Wives, we need to respect our husbands when they love on us and when they don't. 

In business, there's always someone to whom everyone is accountable. This comes up often in introductory management courses, of which I'm adept at teaching after 12 years. It usually goes like this:

Dr. Craft: Who's in charge of a company?
Class: The Chief Executive Officer (yawn, check Facebook, scribble "CEO" on lecture notes)
Dr. Craft: Ok, who's in charge of the CEO?
Class: (blink, blink) Well, no one. 
Dr. Craft: No one?
Class: (nervous chatter)
Dr. Craft: So, you're telling me the CEO can just do whatever he/she wants? They are accountable to no one? what if they screw up? Who calls them on it?
Class: (more chatter and now worried looks) Ummmm...

[pause for effect]

Dr. Craft: You do, the customer/shareholder
Class: Us?
Dr. Craft: Sure. CEO screws up. Company tanks. Stock price falls. Customers get pissed and stop buying. Board of Directors respond by firing CEO. Bing bang boom, there you go. 

See, husbands are like CEO’s. It’s not like they have free reign without accountability. As in Paul’s explanation they are accountable to Christ. Husbands are held responsible for this by their wife; to try and “feed and care for” their wives as they do their own body. Nourish and protect their emotional, physical, mental and spiritual health as an equal partner. It is because of their oneness, unity, and interdependence that they are to submit to one another in a relationship of self-sacrificial love. 

So, when I hear wives being used as pretext for male unhappiness and insecurity, I think it's really disrespectful. (And, yes, it totally goes both ways, ladies.) Keep it to yourself. Or, better yet, tell your wife. You know, your equal partner? Remember what I said earlier about men complaining about their wives as petty, nagging, emasculating, insecure and frigid in "certain rooms of the house?" Why do you think this is if they are the laughingstock of the lunch table? We feel it. We feel the distance, the disdain, the indifference. We sense the irrelevance we've become in your life; the disinterested partner.

I’m asking you, husbands, where’s the love? Where’s the love for your wife in public, even if she just pissed you off at the breakfast table? Where’s the public respect she deserves as an equal partner? Do you have the cojones to be angry, but the wisdom to not use it as a weapon at the dinner table or as a basis for collegial entertainment?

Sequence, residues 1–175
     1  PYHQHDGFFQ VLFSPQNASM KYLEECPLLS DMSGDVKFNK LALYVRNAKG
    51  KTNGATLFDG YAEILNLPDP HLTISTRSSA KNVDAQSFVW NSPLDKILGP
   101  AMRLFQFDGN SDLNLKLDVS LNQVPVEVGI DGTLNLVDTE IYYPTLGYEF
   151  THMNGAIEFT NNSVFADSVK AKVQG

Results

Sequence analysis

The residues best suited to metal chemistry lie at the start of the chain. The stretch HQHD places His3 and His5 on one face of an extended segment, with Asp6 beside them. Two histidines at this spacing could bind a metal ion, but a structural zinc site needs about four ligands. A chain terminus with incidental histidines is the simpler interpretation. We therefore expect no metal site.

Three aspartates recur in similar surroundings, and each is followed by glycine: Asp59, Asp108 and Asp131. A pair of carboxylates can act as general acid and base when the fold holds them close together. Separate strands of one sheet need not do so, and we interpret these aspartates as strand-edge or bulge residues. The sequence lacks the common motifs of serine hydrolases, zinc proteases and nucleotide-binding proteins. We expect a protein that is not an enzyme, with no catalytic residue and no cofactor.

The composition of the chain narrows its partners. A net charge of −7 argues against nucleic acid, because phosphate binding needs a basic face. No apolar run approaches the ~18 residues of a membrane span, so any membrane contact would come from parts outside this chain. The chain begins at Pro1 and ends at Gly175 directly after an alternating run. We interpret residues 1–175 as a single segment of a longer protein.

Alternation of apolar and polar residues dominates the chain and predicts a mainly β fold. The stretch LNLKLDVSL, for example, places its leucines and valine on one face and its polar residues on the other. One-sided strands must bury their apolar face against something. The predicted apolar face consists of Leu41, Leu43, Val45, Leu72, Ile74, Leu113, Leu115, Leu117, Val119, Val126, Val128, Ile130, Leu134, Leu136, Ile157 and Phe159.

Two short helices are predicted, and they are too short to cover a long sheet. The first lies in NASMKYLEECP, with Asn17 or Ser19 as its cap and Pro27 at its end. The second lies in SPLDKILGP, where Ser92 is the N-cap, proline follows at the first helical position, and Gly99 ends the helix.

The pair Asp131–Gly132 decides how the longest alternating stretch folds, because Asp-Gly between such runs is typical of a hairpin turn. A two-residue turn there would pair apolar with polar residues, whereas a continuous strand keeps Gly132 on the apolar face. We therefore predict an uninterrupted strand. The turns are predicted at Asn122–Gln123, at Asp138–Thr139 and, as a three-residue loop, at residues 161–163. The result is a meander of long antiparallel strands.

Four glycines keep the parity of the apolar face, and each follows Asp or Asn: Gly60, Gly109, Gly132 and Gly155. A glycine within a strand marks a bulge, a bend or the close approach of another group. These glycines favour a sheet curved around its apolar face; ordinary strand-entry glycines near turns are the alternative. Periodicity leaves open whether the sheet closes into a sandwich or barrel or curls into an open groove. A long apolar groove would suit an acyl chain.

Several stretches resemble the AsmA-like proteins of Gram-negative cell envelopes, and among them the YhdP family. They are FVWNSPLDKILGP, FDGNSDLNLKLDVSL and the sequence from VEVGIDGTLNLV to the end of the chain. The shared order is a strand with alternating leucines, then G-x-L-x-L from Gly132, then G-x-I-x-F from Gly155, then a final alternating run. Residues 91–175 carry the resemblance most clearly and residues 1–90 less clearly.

When you screw up and have to ask forgiveness from the Almighty, do you think He's been berating you, meanwhile, at the heavenly lunch table for giggles? No. He's waiting for you to get your act together to chat about it. Let's have a one-on-one and work this out, He says. Doesn't your wife deserve the same respect that Christ affords you? (and vice versa, ladies) 

Workplaces can be toxic to marriages. Proceed with caution.

I left a job recently to come to my current University. I left each of my former co-workers a little handmade magnet with inspirational words on them like “peace” or “friend” or “hero” and then a little phrase about why I chose that particular word for them. I’d like to share just a few with you as an illustration of my point. 
  1. One gentleman and his wife had just experienced the birth of their first child. At the lunch table, he always respectfully referred to his wife as Mrs. (last name) and shared only positive things about her. I had a little magnet that expressed a sentiment about being a good dad, but also shared with him how much I respected him for always respecting his wife at the lunch table.
  2.  A few months after I left I was asked a favor from another former co-worker.  He once declined a group invitation at 4 p.m. on a Thursday because he and his wife had a standing weekly cleaning date. Man, did he get crap for that at the lunch table, but he didn't back down.  I agreed to the favor for one simple reason: because you love your wife, even at the lunch table. (In reply via email he was, like, WOW! I can’t wait to tell her that tonight!)